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Home » Clarion » 2016 » February 2016 » Understanding your prescription drug benefit

Understanding your prescription drug benefit


Anyone who follows the news is aware of Martin Shkreli, the arrogant punk who recently bought a pharmaceutical firm with exclusive rights to a life-saving drug, then increased the price by thousands of dollars. (He has since been arrested on other, unrelated charges.)


Not too long ago, several major pharmaceutical firms rolled out game-changing treatment for Hepatitis C. The price tag in the United States for a 12-week course of treatment started at $84,000, and soon could be twice that. The identical medication is available in Pakistan for $15. No arrests are pending.

This is the culture of profiteering that dominates the prescription drug business. Overall, the costs of prescription drugs have nearly doubled since the last negotiated increase to PSC Welfare Fund (WF) contributions. If the Fund continues to strive for best practices at the lowest costs, we will find a way to continue our prescription benefit package. But this is no easy task.

Prior Authorization Explained

One way we maintain our benefits at an affordable cost is through the practice of prior authorization by the prescription benefit manager (PBM). CVS/caremark, the Welfare Fund’s new PBM, is more diligently applying our longstanding prior authorization rules than did Express Scripts, so those covered through the WF may be subject to new approval requests from CVS/caremark for certain medications if a lower-priced equivalent is available.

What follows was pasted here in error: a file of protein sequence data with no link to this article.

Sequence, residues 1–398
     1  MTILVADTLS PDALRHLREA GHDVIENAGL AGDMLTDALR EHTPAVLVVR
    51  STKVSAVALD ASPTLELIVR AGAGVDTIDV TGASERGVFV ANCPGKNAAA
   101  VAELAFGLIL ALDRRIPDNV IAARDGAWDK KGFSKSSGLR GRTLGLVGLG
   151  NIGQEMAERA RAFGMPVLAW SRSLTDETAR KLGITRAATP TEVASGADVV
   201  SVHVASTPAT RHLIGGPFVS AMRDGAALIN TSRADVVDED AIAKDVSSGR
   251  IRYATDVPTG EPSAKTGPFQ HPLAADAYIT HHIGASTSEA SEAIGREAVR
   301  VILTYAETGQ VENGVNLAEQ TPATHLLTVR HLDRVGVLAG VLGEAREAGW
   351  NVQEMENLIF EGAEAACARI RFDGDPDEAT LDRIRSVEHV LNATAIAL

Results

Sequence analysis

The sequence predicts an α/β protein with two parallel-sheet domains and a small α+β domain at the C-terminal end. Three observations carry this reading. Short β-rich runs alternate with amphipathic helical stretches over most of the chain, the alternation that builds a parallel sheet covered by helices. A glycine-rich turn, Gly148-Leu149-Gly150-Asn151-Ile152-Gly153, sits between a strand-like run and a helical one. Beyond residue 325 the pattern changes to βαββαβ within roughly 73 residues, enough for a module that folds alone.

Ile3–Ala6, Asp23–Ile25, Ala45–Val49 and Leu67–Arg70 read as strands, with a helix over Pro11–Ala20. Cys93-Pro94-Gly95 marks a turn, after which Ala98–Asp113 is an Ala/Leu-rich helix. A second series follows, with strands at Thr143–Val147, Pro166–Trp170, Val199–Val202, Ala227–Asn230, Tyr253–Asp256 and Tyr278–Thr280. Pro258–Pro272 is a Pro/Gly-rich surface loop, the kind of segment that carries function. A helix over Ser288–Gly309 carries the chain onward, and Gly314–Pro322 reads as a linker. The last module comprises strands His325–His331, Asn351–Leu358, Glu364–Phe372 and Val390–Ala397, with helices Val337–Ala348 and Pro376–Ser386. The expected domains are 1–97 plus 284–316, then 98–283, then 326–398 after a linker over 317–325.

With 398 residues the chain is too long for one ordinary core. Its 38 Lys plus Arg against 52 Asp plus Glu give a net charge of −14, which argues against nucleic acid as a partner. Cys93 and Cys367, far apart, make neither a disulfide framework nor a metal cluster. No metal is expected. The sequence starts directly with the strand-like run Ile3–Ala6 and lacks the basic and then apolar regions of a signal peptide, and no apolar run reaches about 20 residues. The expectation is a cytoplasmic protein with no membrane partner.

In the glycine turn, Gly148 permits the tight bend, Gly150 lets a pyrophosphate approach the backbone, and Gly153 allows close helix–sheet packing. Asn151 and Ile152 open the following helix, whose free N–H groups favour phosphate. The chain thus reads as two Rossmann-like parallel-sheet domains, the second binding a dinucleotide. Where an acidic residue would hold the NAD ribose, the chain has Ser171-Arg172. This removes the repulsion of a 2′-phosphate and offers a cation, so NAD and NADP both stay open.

The philosophy behind a prior authorization requirement is that the drug prescribed by a doctor may have a less expensive and therapeutically-equivalent counterpart. The Fund cannot pay for the more expensive version unless there is evidence that less expensive treatment was tried and found unacceptable due to intolerance or simple ineffectiveness. Some members may take umbrage that their doctors’ orders are not followed to the letter, but the prescribers aren’t invested in the survival and continuance of a viable drug benefit.

The Problem

In the United States, the unbridled greed of drug companies is summed up in a statement published in January by pharmaceutical industry publication Fierce Pharma that cited an analyst who told the Wall Street Journal that “…the fact that prices continue to go up despite a public outcry — not to mention political pushback, in the form of congressional hearings and price-control proposals — shows just how resilient the US market can be.” He added, “Unlike [in] other countries, there’s no mechanism whereby regulatory authorities can control price.”

Typically, benefit providers such as welfare funds share drug costs with the insured through deductibles and co-insurance, but these are rendered useless by coupons issued by manufacturers and “patient assistance” schemes that benefit some patients while shifting the resulting higher drug costs onto the to the insurance company (or your Welfare Fund), all for a public relations boost to the drug companies. Efforts expended by manufacturers don’t include cost reductions, only an expansion of the field of users — and reluctant payers.

The response

The most common employer or insurer practice addressing increased costs has been to reduce or eliminate coverage, or to ramp up “cost-sharing” (in the form of higher co-pays or deductibles). Approaches used by others have virtually eliminated retiree coverage — at best, helping with Medicare Part D premiums.